|На нашей тесной планете люди больше не могут жить, как чужие.Эдлай Стивенсон. - Adlai Stevenson|
RFE/RL NEWSLINE Vol 2, No. 188, Part I, 29 September 1998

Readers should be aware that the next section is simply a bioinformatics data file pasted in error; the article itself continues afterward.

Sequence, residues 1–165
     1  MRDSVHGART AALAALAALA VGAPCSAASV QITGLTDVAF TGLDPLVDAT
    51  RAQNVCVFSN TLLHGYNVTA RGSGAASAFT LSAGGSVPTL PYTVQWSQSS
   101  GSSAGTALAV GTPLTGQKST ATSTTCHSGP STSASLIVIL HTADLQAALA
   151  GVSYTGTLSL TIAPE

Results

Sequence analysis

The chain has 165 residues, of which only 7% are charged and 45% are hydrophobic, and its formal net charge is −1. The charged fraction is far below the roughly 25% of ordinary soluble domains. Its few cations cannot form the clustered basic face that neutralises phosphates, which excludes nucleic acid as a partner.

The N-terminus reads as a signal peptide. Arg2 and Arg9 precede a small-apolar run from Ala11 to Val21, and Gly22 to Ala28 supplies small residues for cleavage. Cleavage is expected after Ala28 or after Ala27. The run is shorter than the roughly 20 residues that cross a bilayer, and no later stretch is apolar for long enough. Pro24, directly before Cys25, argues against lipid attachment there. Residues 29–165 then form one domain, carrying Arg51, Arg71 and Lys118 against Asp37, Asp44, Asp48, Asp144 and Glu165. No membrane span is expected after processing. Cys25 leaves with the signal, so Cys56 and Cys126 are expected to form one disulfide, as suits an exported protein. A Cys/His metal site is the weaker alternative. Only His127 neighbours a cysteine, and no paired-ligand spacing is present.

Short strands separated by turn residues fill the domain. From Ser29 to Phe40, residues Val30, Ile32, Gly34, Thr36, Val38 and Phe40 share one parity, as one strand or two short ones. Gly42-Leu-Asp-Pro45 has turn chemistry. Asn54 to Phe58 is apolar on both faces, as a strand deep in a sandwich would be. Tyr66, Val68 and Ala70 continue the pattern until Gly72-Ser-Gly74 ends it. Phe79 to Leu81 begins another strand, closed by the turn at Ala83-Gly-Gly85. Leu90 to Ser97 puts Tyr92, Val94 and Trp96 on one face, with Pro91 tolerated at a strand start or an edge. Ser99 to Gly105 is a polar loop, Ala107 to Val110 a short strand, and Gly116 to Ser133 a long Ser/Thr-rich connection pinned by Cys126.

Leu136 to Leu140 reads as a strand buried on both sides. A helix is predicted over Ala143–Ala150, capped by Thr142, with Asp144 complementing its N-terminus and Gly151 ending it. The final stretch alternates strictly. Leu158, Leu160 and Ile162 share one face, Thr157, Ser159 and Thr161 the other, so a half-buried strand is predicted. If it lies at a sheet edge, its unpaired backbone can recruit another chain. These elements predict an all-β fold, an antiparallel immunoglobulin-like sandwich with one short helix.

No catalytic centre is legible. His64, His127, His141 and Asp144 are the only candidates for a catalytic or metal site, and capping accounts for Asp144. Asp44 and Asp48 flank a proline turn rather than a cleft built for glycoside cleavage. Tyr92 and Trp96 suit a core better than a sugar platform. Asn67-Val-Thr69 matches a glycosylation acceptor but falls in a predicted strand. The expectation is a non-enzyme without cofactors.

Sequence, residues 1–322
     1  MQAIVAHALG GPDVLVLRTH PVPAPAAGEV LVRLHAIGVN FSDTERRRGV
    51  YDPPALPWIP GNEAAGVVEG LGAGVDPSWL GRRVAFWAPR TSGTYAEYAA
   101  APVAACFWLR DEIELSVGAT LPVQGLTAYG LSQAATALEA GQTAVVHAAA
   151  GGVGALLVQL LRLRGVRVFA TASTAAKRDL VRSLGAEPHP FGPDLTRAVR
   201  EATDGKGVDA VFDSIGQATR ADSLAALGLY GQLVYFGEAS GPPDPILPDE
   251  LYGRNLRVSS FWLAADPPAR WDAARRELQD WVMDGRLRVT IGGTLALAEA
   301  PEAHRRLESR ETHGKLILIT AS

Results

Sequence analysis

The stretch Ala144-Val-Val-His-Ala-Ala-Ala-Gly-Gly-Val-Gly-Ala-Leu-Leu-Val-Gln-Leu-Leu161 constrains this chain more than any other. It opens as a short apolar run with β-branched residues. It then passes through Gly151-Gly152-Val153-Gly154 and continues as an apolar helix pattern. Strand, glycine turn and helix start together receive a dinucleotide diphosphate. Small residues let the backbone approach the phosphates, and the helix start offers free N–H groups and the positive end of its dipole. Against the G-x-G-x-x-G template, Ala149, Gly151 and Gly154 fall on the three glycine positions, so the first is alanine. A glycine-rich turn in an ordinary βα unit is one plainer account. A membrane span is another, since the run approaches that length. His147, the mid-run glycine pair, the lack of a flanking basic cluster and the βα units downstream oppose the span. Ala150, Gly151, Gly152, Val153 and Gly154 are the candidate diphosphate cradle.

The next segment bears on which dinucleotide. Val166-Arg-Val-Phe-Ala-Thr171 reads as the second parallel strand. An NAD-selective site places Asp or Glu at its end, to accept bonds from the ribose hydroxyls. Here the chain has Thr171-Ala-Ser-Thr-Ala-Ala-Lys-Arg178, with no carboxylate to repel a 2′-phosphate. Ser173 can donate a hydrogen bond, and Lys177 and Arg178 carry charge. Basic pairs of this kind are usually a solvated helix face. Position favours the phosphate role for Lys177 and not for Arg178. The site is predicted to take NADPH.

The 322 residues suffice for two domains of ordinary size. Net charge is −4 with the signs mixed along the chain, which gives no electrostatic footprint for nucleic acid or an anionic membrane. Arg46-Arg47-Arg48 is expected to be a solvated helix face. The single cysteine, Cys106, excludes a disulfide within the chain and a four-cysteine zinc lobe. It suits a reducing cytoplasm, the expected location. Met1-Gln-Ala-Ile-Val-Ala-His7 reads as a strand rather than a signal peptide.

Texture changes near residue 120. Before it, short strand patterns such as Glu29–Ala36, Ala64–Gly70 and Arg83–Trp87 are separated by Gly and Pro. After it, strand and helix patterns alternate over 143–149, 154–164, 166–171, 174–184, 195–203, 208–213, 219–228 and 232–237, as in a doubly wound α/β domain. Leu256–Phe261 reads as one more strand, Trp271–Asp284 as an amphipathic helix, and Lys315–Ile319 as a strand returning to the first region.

___________________________________________________________ RFE/RL NEWSLINE Vol 2, No. 188, Part I, 29 September 1998 A daily report of developments in Eastern and Southeastern Europe, Russia, the Caucasus and Central Asia prepared by the staff of Radio Free Europe/Radio Liberty. This is Part I, a compilation of news concerning Russia, Transcaucasia and Central Asia. Part II covers Central, Eastern, and Southeastern Europe and is distributed simultaneously as a second document. Back issues of RFE/RL NewsLine and the OMRI Daily Digest are online at RFE/RL's Web site: http://www.rferl.org/newsline xxxxxxxxxxxxxxxxxxxxxxxxxxxxxxxxxxxxxxxxxxxxxxxxxxxxxxxx Headlines, Part I * CABINET FORMATION INCHES FORWARD * KOHL'S DEFEAT TO MEAN FEWER D-MARKS FOR RUSSIA * TAJIK OPPOSITION TO RESUME COOPERATION WITH GOVERNMENT xxxxxxxxxxxxxxxxxxxxxxxxxxxxxxxxxxxxxxxxxxxxxxxxxxxxxxxx RUSSIA CABINET FORMATION INCHES FORWARD... Russian President Boris Yeltsin both emptied and filled a few more cabinet spots on 28 September, reappointing acting Minster for State Property Farit Gazizullin while firing acting head of the Federal Tax Service Boris Fedorov and acting Deputy Prime Minister Viktor Khristenko. Reuters reported on 29 September Deputy Prime Minister Yurii Maslyukov has already introduced State Duma deputy Georgii Boos to tax service workers as their new boss, despite the fact that the White House has made no official announcement. ITAR-TASS reported on 28 September that Deputy Prime Minister Vadim Gustov told reporters that Deputy Governor of Leningrad Oblast Valerii Kirpichnikov will be appointed minister for regional policy. JAC ...AS MINISTERS LOBBY FOR THEIR PALS. "Tribuna" on 29 September characterized the Primakov cabinet as "chaotic" and the formation of an emergency economic program as dangerously delayed. The newspaper concluded that part of the reason why the administration is dysfunctional is because certain cabinet officials, such as Deputy Prime Minister Maslyukov and former Deputy Prime Minister Aleksandr Shokhin, who resigned last week, have been spending most of their time lobbying for jobs for their friends and "torpedoing" positions for their enemies. Maslyukov reportedly tried to get former Deputy Finance Minister Andrei Vavilov appointed as the new finance minister. Then he tried to arrange that his favored candidates be appointed to the posts of Rosvooruzheniye head and deputy minister of trade. Shokhin, meanwhile, had Georgii Gabuniya appointed minister of trade and Andrei Shapovalyants minister of economy. "Tribuna" is financed by Gazprom. JAC VASILIEV EXPLAINS RESIGNATION. Former head of the Federal Securities Commission Dmitrii Vasiliev has explained his reasons for offering his resignation (see "RFE/RL Newsline," 28 September 1998). He told reporters on 28 September that he wanted to draw public attention to errors in the way the Primakov government is handling the country's economic crisis and "making financial and political catastrophe inevitable." According to Vasiliev, the government's biggest mistake is not reversing its decision of 17 August to default on short- term treasury bonds. He also criticized Central Bank policy, saying that the bank has made no effort to distinguish between viable and problem banks. He added that multiple exchange rates will scare away both foreign and domestic investors. "Moscow Times" reported on 29 September that Western traders reacted to news of Vasiliev's departure with sadness and credited him with maintaining a strong defense of shareholders' rights. "Moscow Times" is owned by Independent Media, which is owned by Menatep. JAC NDR TO MOVE INTO OPPOSITION? "Izvestiya" on 29 September predicted that the return of Aleksandr Shokhin to the leadership of Duma faction of Our Home is Russia (NDR) will trigger the party's move into firm opposition to the Primakov government. The newspaper also speculated that former Prime Minister Viktor Chernomyrdin's plan to run for president in 2000 will "oblige him to drift toward radical criticism of Primakov's cabinet." Otherwise, the newspaper concluded, "the movement will not survive the 1999 parliamentary election and overcome the 5 percent threshold." LUKoil and Oneksimbank are major investors in "Izvestiya." JAC SOLDIERS ALLOTTED BACK PAY. Prime Minister Primakov told President Yeltsin on 28 September that two months' back wages have been paid to servicemen, according to presidential spokesman Dmitrii Yakushin. The money may have come just in the nick of time. Citing Federal Security Service sources, "Segodnya" reported on 26 September that officers in the 130th Far Eastern Division were prepared to block the TranSiberian railroad with their tanks if their back wages were not paid. "Segodnya" also said that certain troops, such as the OMON, the Special Rapid-Reaction Detachment, and border guards, have already been paid, creating resentment among other servicemen. ."Segodnya" is owned by Vladimir Gusinskii's Media-Most Group. JAC KOHL'S DEFEAT TO MEAN FEWER D-MARKS FOR RUSSIA... Russian analysts told Interfax on 28 September that the victory of the Social Democratic Party (SDP) in the German election will likely mean less financial support for Russia. Igor Bunin, head of Russia's Political Technology Center explained that the SDP rose to power "without making any commitments to Russia, which will allow it to be more demanding as far as Russia's debt to Germany is concerned." Vyacheslav Nikonov, head of the Politics Foundation, said that "Russian should not count on getting loans over the phone, as it did during the period of friendship between Yeltsin and [German Chancellor Helmut] Kohl." Communist Party Leader Gennadii Zyuganov hailed the SDP victory but added that the only loans that new German leadership will extend to Russia will be ones tied to specific programs and industries. JAC ...AND LESS WARMTH BETWEEN LEADERS. Both Bunin and "Izvestiya" predicted that a subtle cooling in relations between the two countries will occur. According to "Izvestiya" on 29 September, President Yeltsin made no secret of his support for Kohl during a trip to Bonn in June 1998 and did not adopt a balanced enough approach to the SDP and Chancellor-elect Gerhard Schroeder before the elections, which, according to the newspaper, Schroeder has not forgotten. However, a Foreign Ministry spokesman said that contacts with the SDP were "not interrupted even at a time when German Social Democrats were in the opposition." He added that Yeltsin and Schroeder met on several occasions, including in Bonn during June. JAC LUZHKOV WOULD GAIN FROM CONSOLIDATION. "Kommersant-Daily" reported on 26 September that Moscow Mayor Yurii Luzhkov would gain the most from the current plan under discussion to reduce the number of Russia's regions through consolidation. According to the daily, Russia's 89 regions would be consolidated into 23 provinces, and the mayor of Moscow would head a grouping of the nation's most important economic centers, including the Moscow, Tver, Yaroslavl, Kostroma, Ivanovo, Vladimir, Ryazan, Tula, Kaluga, Bryansk and Smolensk Oblasts. Primorskii Krai Governor Yevgenii Nazdratenko would also benefit, gaining control over Amur, Sakhalin, and Chita Oblasts, Khabarovsk Krai, as well as the Jewish and Aga Buryat Autonomous Oblasts. The sources of financing for "Kommersant-Daily" are not known. JAC MORE EXPLOSIVE REVELATIONS IN MAYORAL RACE. More campaign "irregularities" have been reported in Vladivostok. ITAR-TASS on 29 September disclosed that the car belonging to campaign manager for one of the mayoral candidates, Vladimir Maksunov, was exploded by a hand-made bomb. Maksunov was not a front- runner, but, according to one of his staffers, other candidates considered him a nuisance for diverting votes that they needed. JAC COMMUNISTS DEMAND MEDIA SHAKE-UP... Communist Party leader Zyuganov on 28 September told reporters that while the Communist Party does not require that state television be "nationalized," it must improve its compliance with the nation's media law. Zyuganov added that his party will continue to push for the establishment of supervisory boards in the mass media. On 26 September, Zyuganov told a press conference that his party will demand that the leadership of All-Russia State Television and Radio Broadcasting Company be replaced. However, Mikhail Seslavinskii, chairman of the Federal Television and Radio Broadcasting Service, said that he will not allow dismissals for political reasons. JAC ...WHILE FORMER TV HEAD PREDICTS STRUGGLE. In an interview with "Novaya gazeta" on 28 September, Igor Malashenko, the former head of NTV, said that in the last few years, Russian government officials seemed to recognize the media's right to an unprecedented degree of autonomy. But he added that now "we have to start all over again" because people have come into power who continue to observe "habits of the old system." During Prime Minister Primakov's first days in office, reporters complained that their access to administration officials was being severely curtailed (see "RFE/RL Newsline," 21 September 1998). Vladimir Gusinskii's Media-Most Group is said to be a financial backer of "Novaya gazeta." JAC RUSSIAN ECONOMY SLIPS TO BOTTOM OF CIS RANKINGS. The CIS Interstate Statistical Committee reported that during the first eight months of the year, the Russian economy performed worse than that of any other CIS nations, according to Interfax on 28 September. From January to August, according to the Committee, Russian GDP fell by 2.1 percent and industrial output slipped 2.6 percent compared with gains in GDP of 0.2 percent in Ukraine and 9.2 percent in Azerbaijan. The committee seems to be relying on the CIS nations' own economic reporting, since GDP in Belarus is recorded as having risen an unbelievable 11 percent, while "economic tiger" Tajikistan registered a 6.5 percent growth in GDP. JAC CHECHEN PRESIDENT DENOUNCES PREDECESSOR. Addressing local administrators, religious leaders, and field commanders in Grozny on 28 September, Aslan Maskhadov accused former acting President Zelimkhan Yandarbiev of promoting Wahhabism in Chechnya, cooperating with the intelligence services of unnamed Middle Eastern countries, and inciting the population of Chechnya to acts of disobedience, ITAR-TASS reported. In July, Yandarbiev had appeared before the Chechen Constitutional Court to offer to swear on the Koran that he played no role in the 23 July assassination attempt against Maskhadov (see "RFE/RL Newsline," 27 July 1998). Maskhadov also pledged to intensify the struggle against crime and in particular abductions, for which he advocated the death penalty. LF MOSCOW EXPRESSES SUPPORT FOR MASKHADOV. Former Russian Security Council secretary Ivan Rybkin, who co-chairs the Russian-Chechen negotiating commission, similarly told ITAR- TASS on 28 September that Yandarbiev, together with "extremist Islamic circles" in the Middle East, is backing the three Chechen field commanders who on 23 September demanded that the Chechen parliament launch impeachment proceedings against Maskhadov (see "RFE/RL Newsline," 24 September 1998). Rybkin described Maskhadov as "the legitimately elected president of Chechnya and the guarantor of stability in the region." He also proposed a meeting between Maskhadov and Russian Prime Minister Primakov. Vladimir Zorin, who chairs the Duma's Committee on Nationality Affairs, told Interfax on 28 September that the stalemate in talks between Moscow and Grozny risks strengthening hardliners in Grozny and further weakening Maskhadov's position. Oleg Sysuev, deputy head of the presidential staff, said that Russia should act more energetically to resolve social problems in Chechnya in order to bolster Maskhadov's position. LF TRANSCAUCASUS AND CENTRAL ASIA TAJIK OPPOSITION TO RESUME COOPERATION WITH GOVERNMENT. Agreement was reached on 28 September at a nine-hour meeting between President Imomali Rakhmonov, United Tajik Opposition leader Said Abdullo Nuri, and all members of the National Reconciliation Commission representing both camps that the opposition will resume its work in the government and the commission, Russian agencies reported. The opposition had suspended their participation on 26 September pending the arrest of the killers of prominent opposition figure Otakhon Latifi. Rakhmonov and Nuri signed a 10-point program of measures intended to stabilize the situation in the country. Those measures include creating a government-opposition commission to investigate Latifi's murder and expediting the reform of the cabinet that will provide opposition representatives with 30 percent of government posts. LF INDEPENDENT KAZAKH NEWSPAPER PREMISES BOMBED. The offices in Almaty of the independent Russian-language newspaper "21-iy vek" were destroyed on 26 September by two bombs, RFE/RL 's Almaty bureau reported. The newspaper has regularly printed materials criticizing the Kazakh leadership. Recently, publishing houses have refused to print it. Editor Bigeldy Gabdullin told RFE/RL on 29 September that police have sealed off the burned-out premises and refused him and his staff entry. LF KYRGYZ OPPOSITION CALLS FOR CANCELLATION OF PLANNED REFERENDUM. Meeting in Bishkek on 28 September, the leaders of the Communist, Socialist, Agrarian, and Democratic Parties called on President Askar Akaev to cancel next month's planned referendum on proposed constitutional amendments and private land ownership, Interfax reported. They reasoned that given the acute economic situation, Akaev should instead concentrate on social and economic issues. The opposition leaders also appealed to Akaev to dismiss the present government and to halt what they termed the cabinet's persecution and discrediting of parliament deputies. During a roundtable discussion broadcast by an independent Bishkek television station on 26 September, Central Electoral Commission chairman Sultan Imanbaev said that Akaev decided to put the planned changes to a referendum because the parliament would have rejected those amendments curtailing its own powers, RFE/RL's Bishkek bureau reported. LF AZERBAIJANI OPPOSITION CONVENES MARCH IN BAKU. Azerbaijani opposition supporters marched in Baku on 27 September to demand the postponement of the 11 October presidential poll, Russian agencies reported. Earlier, they had reached a compromise agreement with Baku Mayor Rafael Allakhverdiev over the route of the march. The participants also demanded a meeting with incumbent President Heidar Aliev, parliamentary chairman Murtuz Alesqerov, and Constitutional Court chairman Khanlar Gadjiev to discuss their election-related demands. The organizers estimated the number of marchers at 100,000, while the Azerbaijani Interior Ministry said they numbered only 4,000. Police escorted the marchers but took no action against them. Meeting with voters in Sumgait on 26 September, Aliev accused the opposition of attempting to destabilize the country. He affirmed his readiness to meet with representatives of any political parties, but only if they impose no preconditions for such a meeting, according to Turan. LF AZERBAIJAN DENIES CFE VIOLATIONS. Azerbaijani presidential adviser Vafa Gulu-zade has rejected a statement by Armenian President Robert Kocharian in his 25 September address to the UN General Assembly as "invention," Turan reported on 26 September. Kocharian said that Azerbaijan has exceeded the maximum limit set by the 1990 Treaty on Conventional Forces in Europe in three categories of armaments for land forces. Gulu-zade accused Armenia of violating the treaty and of having acquired from Russia both S-300 and Scud missiles. Gulu-zade also denied that Azerbaijan is setting preconditions for resuming talks on resolving the Karabakh conflict. And he accused Armenia of obstructing such talks by rejecting the principles endorsed at the 1996 OSCE summit in Lisbon. LF KARABAKH HOLDS LOCAL ELECTIONS. No major incidents or violations were reported during the local elections held in the unrecognized Nagorno-Karabakh Republic of 27 September, RFE/RL's Stepanakert correspondent reported. Voter participation exceeded 80 percent in rural areas but was only 51 percent in the capital, where the unrecognized republic's former interior minister, Karen Babayan, polled 87 percent of the vote to defeat his sole rival, Georgi Petrosian of the Dashnak party's (HHD) Karabakh organization. Petrosian's campaign manager had issued a statement on the eve of the poll claiming that Nagorno-Karabakh state television could not be impartial in its coverage of the vote as its chief director is one of Babayan's proxies. The international community has not commented on the outcome of the elections, which Azerbaijan has termed illegal (see "RFE/RL Newsline," 18 September 1998). LF BOMB EXPLODES IN TBILISI ON EVE OF SOLANA VISIT. A bomb that exploded 100 meters from the Georgian parliament building in Tbilisi during the night of 28-29 September shattered windows in neighboring buildings but injured no one, Caucasus Press reported. It is unclear whether there is any connection between the explosion and the fifth anniversary on 28 September of the fall of the Abkhaz capital, Sukhumi, or the two-day visit to Tbilisi by NATO Secretary-General Javier Solana, which begins on 29 September. On 28 September, four more members of the Russian peacekeeping force in Abkhazia were injured when their armored vehicle hit an anti-tank mine in Abkhazia's Gali Raion, Interfax reported. LF xxxxxxxxxxxxxxxxxxxxxxxxxxxxxxxxxxxxxxxxxxxxxxxxxxxxxxxx Copyright (c) 1998 RFE/RL, Inc. All rights reserved. xxxxxxxxxxxxxxxxxxxxxxxxxxxxxxxxxxxxxxxxxxxxxxxxxxxxxxxx HOW TO SUBSCRIBE Send an email to firstname.lastname@example.org with the word subscribe as the subject of the message. HOW TO UNSUBSCRIBE Send an email to email@example.com with the word unsubscribe as the subject of the message. 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